It is 1883 and Oscar Fingal O'Flahertie Wills WILDE (1854-1900), the renowned Anglo-Irish poet, critic, novelist, and lecturer on “aesthetics,” has recently returned from a well-publicized trip to the United States (2 January-27 December 1882). He is lecturing in England to an English audience about his impressions of America and about his views on American society. It is a portrait of the United States painted with Wilde’s sensibility. He’s appearing in a traditional proscenium style auditorium. That is to say, it has a raised stage with wings and an area for paying customers in front. The room resembles a late-19th-century Lyceum or lecture hall. Box seats, while not necessary to the presentation itself, would certainly add to the ambiance and authenticity of such a setting. If an actual period theater, such as Ford’s Theatre in Washington, cannot be used, then the designer should, through drawings, photographs, or any other means, strive to make the space as authentic as possible. In front of the theater should hang showbills which advertise the entertainment, and also list the subjects on the program in their order of appearance. These should be in the style and language of the period. The object is to simulate the trappings and conditions of an actual travelogue and illustrated lecture in the late 19th century.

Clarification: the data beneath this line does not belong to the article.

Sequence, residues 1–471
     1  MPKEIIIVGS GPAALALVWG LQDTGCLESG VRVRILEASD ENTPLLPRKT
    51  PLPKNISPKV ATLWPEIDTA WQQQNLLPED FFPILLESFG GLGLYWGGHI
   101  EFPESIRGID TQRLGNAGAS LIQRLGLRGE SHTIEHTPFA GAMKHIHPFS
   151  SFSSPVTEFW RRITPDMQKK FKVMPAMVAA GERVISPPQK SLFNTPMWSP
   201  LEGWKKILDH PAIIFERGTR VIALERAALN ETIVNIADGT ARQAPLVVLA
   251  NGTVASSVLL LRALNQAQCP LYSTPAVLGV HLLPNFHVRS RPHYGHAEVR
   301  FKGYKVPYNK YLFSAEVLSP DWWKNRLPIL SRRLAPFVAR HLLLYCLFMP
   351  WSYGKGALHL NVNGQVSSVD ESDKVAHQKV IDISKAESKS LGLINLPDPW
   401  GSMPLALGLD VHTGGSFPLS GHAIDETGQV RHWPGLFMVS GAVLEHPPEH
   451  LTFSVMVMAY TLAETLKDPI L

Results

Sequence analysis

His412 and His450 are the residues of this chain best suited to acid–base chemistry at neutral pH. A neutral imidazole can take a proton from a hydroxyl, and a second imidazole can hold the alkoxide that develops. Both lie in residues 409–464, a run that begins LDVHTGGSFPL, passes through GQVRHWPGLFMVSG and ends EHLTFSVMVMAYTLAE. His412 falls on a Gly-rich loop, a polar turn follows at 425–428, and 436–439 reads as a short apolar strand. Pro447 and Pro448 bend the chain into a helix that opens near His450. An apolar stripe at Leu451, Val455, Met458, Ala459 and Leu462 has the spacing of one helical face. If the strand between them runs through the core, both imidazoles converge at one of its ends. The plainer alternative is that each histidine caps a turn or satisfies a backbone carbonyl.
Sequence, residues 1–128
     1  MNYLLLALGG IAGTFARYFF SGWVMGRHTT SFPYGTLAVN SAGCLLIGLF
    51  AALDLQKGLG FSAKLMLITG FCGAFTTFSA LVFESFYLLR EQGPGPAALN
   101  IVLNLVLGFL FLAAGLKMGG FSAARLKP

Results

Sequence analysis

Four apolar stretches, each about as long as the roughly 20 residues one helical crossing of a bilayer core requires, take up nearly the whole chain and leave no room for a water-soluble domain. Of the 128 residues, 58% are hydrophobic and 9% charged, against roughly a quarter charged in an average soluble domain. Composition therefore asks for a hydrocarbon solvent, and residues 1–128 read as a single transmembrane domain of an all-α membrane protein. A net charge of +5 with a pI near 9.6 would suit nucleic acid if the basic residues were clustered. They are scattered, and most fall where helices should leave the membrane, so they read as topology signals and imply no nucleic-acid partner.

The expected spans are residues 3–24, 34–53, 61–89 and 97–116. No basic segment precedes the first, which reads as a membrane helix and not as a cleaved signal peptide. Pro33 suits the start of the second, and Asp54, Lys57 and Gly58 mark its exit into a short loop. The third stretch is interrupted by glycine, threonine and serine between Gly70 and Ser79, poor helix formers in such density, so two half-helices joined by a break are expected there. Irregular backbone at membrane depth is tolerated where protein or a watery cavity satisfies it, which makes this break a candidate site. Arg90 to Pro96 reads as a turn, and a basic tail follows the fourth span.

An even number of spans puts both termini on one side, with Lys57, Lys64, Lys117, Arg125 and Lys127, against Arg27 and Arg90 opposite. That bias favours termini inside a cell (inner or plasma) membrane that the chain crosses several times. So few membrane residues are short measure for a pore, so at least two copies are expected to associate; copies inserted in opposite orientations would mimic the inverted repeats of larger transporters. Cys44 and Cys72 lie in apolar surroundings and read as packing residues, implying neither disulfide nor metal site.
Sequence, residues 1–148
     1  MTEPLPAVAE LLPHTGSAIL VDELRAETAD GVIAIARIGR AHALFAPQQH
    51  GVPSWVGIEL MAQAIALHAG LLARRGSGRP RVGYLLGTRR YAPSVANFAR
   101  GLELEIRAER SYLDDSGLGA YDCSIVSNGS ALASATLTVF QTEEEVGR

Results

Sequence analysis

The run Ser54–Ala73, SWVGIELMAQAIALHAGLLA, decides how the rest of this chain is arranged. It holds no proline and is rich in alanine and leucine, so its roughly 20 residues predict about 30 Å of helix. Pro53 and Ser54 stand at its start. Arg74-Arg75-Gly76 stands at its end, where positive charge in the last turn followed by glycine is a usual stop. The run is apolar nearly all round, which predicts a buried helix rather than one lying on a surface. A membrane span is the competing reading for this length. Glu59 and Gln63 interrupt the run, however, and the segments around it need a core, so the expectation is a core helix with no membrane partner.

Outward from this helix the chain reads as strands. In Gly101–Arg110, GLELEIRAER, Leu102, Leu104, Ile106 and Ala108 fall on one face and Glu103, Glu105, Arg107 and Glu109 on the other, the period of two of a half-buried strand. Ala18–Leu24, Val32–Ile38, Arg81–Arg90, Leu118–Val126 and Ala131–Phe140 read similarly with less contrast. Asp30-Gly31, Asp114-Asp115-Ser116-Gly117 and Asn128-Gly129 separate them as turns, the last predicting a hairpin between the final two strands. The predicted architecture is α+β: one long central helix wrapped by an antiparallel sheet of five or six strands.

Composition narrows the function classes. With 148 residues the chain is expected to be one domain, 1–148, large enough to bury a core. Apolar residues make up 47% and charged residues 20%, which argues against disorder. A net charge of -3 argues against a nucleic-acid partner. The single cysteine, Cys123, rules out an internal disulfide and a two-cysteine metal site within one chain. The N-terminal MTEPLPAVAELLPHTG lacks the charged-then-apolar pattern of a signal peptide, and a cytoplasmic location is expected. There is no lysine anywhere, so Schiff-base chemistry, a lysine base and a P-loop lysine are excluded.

Wilde’s talk is divided into thematic blocks, each with its own title, and directors are free to choose whether they will display the title with a magic-lantern slide, in accord with the concept for much of the visual material, or with a placard or sandwich-board so popular in the music halls and vaudeville. The blocks are Travel (including all of Wilde’s adventures journeying by rail and boat, and some discussion of American history and the building of the American nation); Art (WILDE’s pontifications on American painting, including his experiences with James McNeill Whistler, sculpture and music, and the criticism of these fields; also discussion of Patience); Men & Women; Marriage & Divorce (in both blocks: men, women, and a partial discussion of marriage and relations between the genders in America); Parents & Children (WILDE harps on the touchy issue of American child rearing, children’s education, and the eternal differences between youth and maturity); Manners & Behavior (a discourse on American society and WILDE’s views on such matters as smoking, recreation, and work). The various techniques and rhythms that are used in the two scenes below will reappear elsewhere in the production. The slide-to-live-action and live-action-to-slide sequences, as well as slides with voice-over and slides without commentary will all be several blocks. Some techniques that do not appear at all in the two scenes below, but were considered for other sequences, include repeated lines and phrases that WILDE often used on more than one occasion.